Supported by the EEA and Norway Grants, a network bringing together the nine centres is now up and running through joint action from Norwegian and Hungarian project partners.

Hungary has the lowest level of participation in adult education of the EU-27 member countries, particularly amongst groups with poor levels of education, the elderly and the long-term unemployed. A traditional emphasis on formal qualifications has meant that the benefits of non-formal and informal learning have not always been recognised. Compounded by insufficient public resources and a lack of support from the business sector, this has resulted in a serious deficit in infrastructure provision for adult education.

To tackle this, the Hungarian Association of Lifelong Learning (ALLL) teamed up with the Norwegian Agency for Lifelong Learning (VOX) to establish the Network of Open Learning Centres entitled the ‘Learning Partnership Initiatives”. With backing of €650,000 from the EEA and Norway Grants, the project has had a positive impact on social inclusion and community development, as well as helped to improve skills and boost employability at a local level.

Flexible solutions, tangible results

The centres are located in areas struggling with high unemployment rates and social deprivation. Zoltán Várkonyi from ALLL emphasises the need for an open approach to local learning to attract as many participants as possible and, in particular, reach out to often-excluded groups. “We wanted a low entry threshold where the learning environment is flexible and easily accessible to all,” he said.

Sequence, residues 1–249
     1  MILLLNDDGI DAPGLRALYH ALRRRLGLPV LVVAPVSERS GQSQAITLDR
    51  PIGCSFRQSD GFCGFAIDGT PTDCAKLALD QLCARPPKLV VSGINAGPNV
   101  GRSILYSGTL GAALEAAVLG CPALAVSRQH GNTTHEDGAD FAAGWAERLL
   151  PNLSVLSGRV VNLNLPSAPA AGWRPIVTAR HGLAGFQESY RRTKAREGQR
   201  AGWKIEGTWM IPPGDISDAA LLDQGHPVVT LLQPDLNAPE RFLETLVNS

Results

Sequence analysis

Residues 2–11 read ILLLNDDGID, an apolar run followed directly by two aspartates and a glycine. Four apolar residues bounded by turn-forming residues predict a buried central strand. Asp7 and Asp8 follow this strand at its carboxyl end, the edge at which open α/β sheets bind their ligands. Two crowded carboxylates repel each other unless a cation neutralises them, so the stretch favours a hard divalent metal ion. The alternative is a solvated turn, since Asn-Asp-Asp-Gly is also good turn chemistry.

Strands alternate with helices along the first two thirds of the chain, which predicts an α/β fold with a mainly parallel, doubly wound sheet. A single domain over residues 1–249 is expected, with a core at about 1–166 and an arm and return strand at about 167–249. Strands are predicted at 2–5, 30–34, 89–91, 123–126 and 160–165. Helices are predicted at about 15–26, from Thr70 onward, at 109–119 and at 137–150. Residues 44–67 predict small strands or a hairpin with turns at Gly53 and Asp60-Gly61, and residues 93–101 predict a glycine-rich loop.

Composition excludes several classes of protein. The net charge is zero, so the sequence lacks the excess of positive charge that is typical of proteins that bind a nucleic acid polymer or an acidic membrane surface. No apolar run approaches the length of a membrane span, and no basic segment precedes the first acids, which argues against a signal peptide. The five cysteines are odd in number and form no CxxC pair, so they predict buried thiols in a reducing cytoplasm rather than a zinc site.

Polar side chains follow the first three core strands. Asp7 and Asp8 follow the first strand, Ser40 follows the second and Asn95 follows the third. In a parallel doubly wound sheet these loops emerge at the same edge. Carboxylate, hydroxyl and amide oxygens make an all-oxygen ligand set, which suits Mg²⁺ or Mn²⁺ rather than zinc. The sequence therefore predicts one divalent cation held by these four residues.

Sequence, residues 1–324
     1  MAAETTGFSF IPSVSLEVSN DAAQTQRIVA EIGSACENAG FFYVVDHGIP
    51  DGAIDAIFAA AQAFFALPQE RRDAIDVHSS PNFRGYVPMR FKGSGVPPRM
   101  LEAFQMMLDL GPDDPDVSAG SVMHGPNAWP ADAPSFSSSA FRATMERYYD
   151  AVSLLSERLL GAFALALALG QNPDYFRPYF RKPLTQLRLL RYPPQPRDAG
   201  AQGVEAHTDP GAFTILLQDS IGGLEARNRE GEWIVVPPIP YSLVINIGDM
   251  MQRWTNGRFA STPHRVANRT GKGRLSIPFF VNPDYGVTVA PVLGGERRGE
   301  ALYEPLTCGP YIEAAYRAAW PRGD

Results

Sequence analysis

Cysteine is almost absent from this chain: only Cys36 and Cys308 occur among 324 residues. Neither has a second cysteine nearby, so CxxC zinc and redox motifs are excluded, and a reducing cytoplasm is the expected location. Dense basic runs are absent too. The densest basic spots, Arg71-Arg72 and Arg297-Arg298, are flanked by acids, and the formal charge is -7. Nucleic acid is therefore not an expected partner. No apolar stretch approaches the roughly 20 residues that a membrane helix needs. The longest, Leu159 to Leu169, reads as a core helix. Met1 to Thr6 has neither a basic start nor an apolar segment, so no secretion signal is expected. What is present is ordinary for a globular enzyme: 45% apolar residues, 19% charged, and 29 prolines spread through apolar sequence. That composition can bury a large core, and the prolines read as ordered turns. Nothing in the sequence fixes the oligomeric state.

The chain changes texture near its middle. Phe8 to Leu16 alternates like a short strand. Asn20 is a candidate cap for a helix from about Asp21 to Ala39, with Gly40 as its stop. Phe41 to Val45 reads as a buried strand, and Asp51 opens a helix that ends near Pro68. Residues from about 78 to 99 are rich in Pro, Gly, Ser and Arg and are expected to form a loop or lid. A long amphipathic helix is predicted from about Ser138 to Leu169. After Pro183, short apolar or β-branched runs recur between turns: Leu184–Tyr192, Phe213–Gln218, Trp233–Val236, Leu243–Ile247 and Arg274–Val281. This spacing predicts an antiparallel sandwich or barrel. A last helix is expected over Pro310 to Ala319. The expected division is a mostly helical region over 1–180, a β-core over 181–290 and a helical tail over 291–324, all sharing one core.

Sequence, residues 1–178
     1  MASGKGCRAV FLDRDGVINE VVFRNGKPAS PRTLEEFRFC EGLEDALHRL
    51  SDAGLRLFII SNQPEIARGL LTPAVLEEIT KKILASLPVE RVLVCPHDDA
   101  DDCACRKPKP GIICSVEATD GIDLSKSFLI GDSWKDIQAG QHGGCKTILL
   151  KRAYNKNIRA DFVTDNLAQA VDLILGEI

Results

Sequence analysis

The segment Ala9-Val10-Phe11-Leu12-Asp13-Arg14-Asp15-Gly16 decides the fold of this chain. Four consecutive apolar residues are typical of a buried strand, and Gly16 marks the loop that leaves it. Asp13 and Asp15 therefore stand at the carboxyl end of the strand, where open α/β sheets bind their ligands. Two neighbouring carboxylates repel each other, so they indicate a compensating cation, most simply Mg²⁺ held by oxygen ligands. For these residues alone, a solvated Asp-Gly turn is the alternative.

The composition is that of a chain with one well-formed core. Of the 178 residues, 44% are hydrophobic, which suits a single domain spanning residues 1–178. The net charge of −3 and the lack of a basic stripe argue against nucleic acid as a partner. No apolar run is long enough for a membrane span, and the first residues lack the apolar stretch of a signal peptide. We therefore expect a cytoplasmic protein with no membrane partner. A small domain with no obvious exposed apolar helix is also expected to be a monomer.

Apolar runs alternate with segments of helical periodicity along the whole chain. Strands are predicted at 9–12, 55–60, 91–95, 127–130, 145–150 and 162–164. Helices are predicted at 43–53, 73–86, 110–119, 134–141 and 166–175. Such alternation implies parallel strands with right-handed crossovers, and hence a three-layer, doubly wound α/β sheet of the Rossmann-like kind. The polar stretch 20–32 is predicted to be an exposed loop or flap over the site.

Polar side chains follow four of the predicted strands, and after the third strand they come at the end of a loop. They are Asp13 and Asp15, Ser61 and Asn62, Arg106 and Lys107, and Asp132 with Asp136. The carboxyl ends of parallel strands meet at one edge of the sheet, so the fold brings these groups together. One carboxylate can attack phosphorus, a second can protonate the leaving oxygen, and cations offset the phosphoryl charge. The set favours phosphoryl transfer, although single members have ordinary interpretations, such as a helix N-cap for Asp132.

He explains how each centre operates tailored programmes focusing on skills which are relevant for the local area. “Each centre works out competence development programmes in tandem with the local municipalities to ensure that the training offer matches the needs in the local area.”

As a result, over 780 participants have been through the doors in the last six months, gaining not only a competence certificate, but more importantly fresh skills and higher self-esteem by the end of their training. The training focuses on developing core competences, such as digital communications, foreign languages and entrepreneurial skills.

A model concept

Another factor underpinning the success of the project is the close cooperation between the project partners. "We have built up an enormous amount of trust," said Graciela Sbertoli of VOX. She explains how this is invaluable for future joint working, adding: "We can now pull each other into other projects and explore other funding avenues knowing we that have a strong partnership already in place." This joint working was crucial in helping to overcome initial challenges and for working through the funding process together. "It takes perseverance to get a project off the ground," says Várkonyi, but underlines that persistence pays off: "You multiply your strengths by co-operation."

Ms Sbertoli also envisages the development of a wider community of local learning centres. With the project already recognised as a good practice model within the European Basic Skills Network – an organisation which makes a valuable contribution to EU policy development in this field – she sees great scope for exporting the concept further afield and embedding some of the lessons in wider policy provision for adult education in Europe.

Photo: Guri M. Smenes, Royal Norwegian Embassy, Budapest